Sunday, September 26, 2010

I'll Have a Side of Arsenic With That!

So, you're planning on going out to a nice dinner tonight at your favorite seafood restaurant. Well, you might think again. Where did that seafood come from? Despite the claims of the Obama administration and the FDA, that the gulf seafood is perfectly safe to consume, evidence casts a much different image.

First there is the issue of the dispersant Corexit which was used extensively by BP to "manage" the leak, thereby hiding the true amount of oil leak and avoiding greater fines based on that amount. Currently there is no test being used for the presence of Corexit in the sea food in spite of the fact that oil and Corexit have been found in blue crab larvae. NOAA and the FDA claim to be working on a test, but also claim there is no problem from the highly toxic dispersant.
“They don’t expect to find dispersant in fish but are operating out of an abundance of caution,” says Christine Patrick, a spokeswoman for fisheries programs at the National Oceanographic and Atmospheric Administration. Link
Abundance of caution my ass!
“It’s because people need more reassurance and confidence ... (which are) not as controllable as you would hope.”
Do I smell the stench of propaganda?
In addition to contamination of the seafood, Corexit is having dire affects on the cleanup workers and those living along the Gulf Coast. More on that HERE.

Also there is no testing being done for heavy metals. These include highly toxic cadmium, lead, mercury and arsenic.
Both National Oceanic and Atmospheric Administration (NOAA) and FDA officials told Raw Story that fish and shellfish being tested for the purpose of reopening waters to commercial and recreational fishing are not being tested for heavy metals. Link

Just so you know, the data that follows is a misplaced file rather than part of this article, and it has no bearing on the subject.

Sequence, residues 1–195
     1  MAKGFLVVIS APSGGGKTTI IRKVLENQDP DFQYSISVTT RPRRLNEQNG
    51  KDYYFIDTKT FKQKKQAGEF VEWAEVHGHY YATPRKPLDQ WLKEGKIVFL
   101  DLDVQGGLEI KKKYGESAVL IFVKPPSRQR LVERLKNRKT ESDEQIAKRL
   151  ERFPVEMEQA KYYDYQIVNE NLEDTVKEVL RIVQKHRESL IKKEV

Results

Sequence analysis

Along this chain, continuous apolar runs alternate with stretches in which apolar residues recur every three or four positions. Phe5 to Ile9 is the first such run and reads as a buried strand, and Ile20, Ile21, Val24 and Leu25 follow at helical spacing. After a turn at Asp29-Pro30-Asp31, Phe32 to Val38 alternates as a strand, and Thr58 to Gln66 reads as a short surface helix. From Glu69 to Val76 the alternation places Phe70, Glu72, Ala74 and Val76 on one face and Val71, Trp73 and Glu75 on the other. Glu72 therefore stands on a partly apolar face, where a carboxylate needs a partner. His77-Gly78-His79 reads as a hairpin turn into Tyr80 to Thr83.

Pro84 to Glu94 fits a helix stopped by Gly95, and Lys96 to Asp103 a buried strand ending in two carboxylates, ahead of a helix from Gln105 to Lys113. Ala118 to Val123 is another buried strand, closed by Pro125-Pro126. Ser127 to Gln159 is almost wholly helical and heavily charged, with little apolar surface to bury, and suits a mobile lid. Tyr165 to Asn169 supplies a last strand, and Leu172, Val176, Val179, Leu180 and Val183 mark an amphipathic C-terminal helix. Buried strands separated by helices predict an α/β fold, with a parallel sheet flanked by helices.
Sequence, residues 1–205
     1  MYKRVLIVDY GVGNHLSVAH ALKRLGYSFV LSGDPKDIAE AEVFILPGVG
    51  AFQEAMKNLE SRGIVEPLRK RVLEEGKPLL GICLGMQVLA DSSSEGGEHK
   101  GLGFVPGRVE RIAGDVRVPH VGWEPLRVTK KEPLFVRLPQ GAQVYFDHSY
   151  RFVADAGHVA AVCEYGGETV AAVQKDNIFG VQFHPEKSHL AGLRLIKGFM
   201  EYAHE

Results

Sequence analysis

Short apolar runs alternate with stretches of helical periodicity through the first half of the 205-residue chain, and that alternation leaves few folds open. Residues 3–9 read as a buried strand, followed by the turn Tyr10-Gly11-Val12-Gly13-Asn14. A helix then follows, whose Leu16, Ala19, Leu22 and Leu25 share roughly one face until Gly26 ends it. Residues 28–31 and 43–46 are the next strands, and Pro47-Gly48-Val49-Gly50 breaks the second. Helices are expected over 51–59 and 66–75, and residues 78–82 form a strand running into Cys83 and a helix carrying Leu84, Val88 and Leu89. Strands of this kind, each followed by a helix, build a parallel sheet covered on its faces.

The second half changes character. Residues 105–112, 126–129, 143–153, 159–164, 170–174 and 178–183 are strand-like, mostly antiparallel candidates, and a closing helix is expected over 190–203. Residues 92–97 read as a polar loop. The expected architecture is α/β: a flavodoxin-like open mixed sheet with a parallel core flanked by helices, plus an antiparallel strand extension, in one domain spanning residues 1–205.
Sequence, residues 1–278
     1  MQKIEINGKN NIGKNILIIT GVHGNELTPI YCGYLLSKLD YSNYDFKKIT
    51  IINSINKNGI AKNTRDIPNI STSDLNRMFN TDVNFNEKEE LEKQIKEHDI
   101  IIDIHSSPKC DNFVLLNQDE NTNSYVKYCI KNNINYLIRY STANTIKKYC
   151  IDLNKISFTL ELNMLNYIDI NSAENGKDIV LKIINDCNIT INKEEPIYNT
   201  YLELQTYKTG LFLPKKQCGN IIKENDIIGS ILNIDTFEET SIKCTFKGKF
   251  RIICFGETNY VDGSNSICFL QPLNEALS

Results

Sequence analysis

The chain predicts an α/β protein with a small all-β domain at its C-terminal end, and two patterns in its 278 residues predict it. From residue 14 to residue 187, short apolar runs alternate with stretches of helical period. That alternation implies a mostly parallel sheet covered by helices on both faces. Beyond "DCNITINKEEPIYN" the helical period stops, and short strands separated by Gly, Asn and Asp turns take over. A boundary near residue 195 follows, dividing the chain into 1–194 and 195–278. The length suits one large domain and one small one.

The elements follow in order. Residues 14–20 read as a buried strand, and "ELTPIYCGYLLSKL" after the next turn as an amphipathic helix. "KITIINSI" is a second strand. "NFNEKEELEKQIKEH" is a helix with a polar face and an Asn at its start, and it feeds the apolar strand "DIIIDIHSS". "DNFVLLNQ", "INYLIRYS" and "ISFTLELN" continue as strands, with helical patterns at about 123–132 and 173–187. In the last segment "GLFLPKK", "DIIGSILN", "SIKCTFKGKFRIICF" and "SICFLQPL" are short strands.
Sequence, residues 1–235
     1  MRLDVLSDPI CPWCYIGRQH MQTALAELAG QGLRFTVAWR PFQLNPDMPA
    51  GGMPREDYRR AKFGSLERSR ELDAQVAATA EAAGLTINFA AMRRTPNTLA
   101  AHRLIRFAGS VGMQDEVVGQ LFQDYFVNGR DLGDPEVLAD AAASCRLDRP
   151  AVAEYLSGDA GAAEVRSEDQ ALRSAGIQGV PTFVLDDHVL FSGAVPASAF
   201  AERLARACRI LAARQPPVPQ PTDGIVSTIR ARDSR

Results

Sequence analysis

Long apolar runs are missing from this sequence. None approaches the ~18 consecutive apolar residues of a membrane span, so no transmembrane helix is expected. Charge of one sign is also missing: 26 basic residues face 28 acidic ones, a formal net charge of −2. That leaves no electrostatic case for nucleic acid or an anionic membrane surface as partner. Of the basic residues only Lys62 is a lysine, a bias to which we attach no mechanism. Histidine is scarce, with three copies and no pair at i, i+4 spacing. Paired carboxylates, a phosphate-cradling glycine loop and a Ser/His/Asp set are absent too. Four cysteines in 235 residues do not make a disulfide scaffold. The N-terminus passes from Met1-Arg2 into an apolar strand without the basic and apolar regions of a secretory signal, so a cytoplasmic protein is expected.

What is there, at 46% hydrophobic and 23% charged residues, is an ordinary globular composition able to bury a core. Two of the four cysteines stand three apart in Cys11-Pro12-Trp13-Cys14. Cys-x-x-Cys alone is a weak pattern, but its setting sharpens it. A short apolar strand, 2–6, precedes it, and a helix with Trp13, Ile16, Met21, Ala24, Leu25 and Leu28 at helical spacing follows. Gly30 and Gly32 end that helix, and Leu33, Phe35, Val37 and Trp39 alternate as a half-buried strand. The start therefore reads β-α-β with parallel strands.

This is particularly worrisome for several reasons:
“We know that heavy metals are linked to the development of cancer over the course of time,” said Edward Trapido, the Wendell Gauthier Chair of Cancer Epidemiology at the Louisiana State University School of Public Health. “So if there is no testing, then that’s a problem for sure.”

Trapido testified in June at a House Subcommittee on Energy and Environment hearing on the spill and is heading a research group at LSU that will look at a range of health effects, including psychiatric and behavioral effects, chronic diseases and cancers.

He pointed out that heavy metals also have associations with Alzheimer’s disease and birth defects. Link

Arsenic in low levels is common in the gulf. Occurring from the natural oil seeps in the sea floor, it is normally filtered out by the sediments in the sea floor, but the sea floor is now saturated with oil.
Professor Mark Sephton said arsenic, which is found in seawater, was normally filtered out of the ocean when it combined with sediment on the sea floor.
“But oil spills stop the normal process because the oil combines with sediment and it leads to an accumulation of arsenic in the water over time,” he said.
“Arsenic only needs to be a 10th of a part per billion to cause problems.” Link
A recent survey done by the Department of Marine Sciences at the University of Georgia has found the seafloor of the Gulf covered with a layer of oil from the blowout:
The Research Vessel Oceanus sailed on Aug. 21 on a mission to figure out what happened to the more than 4 million barrels of oil that gushed into the water. Onboard, Samantha Joye, a professor in the Department of Marine Sciences at the University of Georgia, says she suddenly has a pretty good idea about where a lot of it ended up. It's showing up in samples of the seafloor, between the well site and the coast.

"I've collected literally hundreds of sediment cores from the Gulf of Mexico, including around this area. And I've never seen anything like this," she said in an interview via satellite phone from the boat.

Joye describes seeing layers of oily material — in some places more than 2 inches thick — covering the bottom of the seafloor. Link